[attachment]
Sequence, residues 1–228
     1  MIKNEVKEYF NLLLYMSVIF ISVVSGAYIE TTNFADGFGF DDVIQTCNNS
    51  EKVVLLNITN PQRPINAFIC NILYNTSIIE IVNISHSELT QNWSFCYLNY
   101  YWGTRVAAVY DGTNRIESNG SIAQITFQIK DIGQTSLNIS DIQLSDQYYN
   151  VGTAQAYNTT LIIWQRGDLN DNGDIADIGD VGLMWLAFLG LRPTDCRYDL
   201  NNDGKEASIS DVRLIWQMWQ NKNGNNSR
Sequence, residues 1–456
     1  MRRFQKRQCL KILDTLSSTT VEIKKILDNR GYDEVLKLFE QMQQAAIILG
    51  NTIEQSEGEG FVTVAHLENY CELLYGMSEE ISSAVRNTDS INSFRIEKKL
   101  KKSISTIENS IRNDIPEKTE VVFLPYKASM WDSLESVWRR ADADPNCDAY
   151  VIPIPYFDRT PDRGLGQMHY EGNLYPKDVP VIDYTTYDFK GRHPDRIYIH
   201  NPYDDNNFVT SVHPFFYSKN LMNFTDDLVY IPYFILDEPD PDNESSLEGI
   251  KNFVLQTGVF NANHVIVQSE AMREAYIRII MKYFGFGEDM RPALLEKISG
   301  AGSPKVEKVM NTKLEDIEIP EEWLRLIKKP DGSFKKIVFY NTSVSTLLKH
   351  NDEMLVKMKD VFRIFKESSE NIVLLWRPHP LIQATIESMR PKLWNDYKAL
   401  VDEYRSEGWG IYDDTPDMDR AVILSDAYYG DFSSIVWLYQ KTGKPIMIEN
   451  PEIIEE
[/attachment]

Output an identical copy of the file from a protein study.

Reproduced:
Sequence, residues 1–228
     1  MIKNEVKEYF NLLLYMSVIF ISVVSGAYIE TTNFADGFGF DDVIQTCNNS
    51  EKVVLLNITN PQRPINAFIC NILYNTSIIE IVNISHSELT QNWSFCYLNY
   101  YWGTRVAAVY DGTNRIESNG SIAQITFQIK DIGQTSLNIS DIQLSDQYYN
   151  VGTAQAYNTT LIIWQRGDLN DNGDIADIGD VGLMWLAFLG LRPTDCRYDL
   201  NNDGKEASIS DVRLIWQMWQ NKNGNNSR
Sequence, residues 1–456
     1  MRRFQKRQCL KILDTLSSTT VEIKKILDNR GYDEVLKLFE QMQQAAIILG
    51  NTIEQSEGEG FVTVAHLENY CELLYGMSEE ISSAVRNTDS INSFRIEKKL
   101  KKSISTIENS IRNDIPEKTE VVFLPYKASM WDSLESVWRR ADADPNCDAY
   151  VIPIPYFDRT PDRGLGQMHY EGNLYPKDVP VIDYTTYDFK GRHPDRIYIH
   201  NPYDDNNFVT SVHPFFYSKN LMNFTDDLVY IPYFILDEPD PDNESSLEGI
   251  KNFVLQTGVF NANHVIVQSE AMREAYIRII MKYFGFGEDM RPALLEKISG
   301  AGSPKVEKVM NTKLEDIEIP EEWLRLIKKP DGSFKKIVFY NTSVSTLLKH
   351  NDEMLVKMKD VFRIFKESSE NIVLLWRPHP LIQATIESMR PKLWNDYKAL
   401  VDEYRSEGWG IYDDTPDMDR AVILSDAYYG DFSSIVWLYQ KTGKPIMIEN
   451  PEIIEE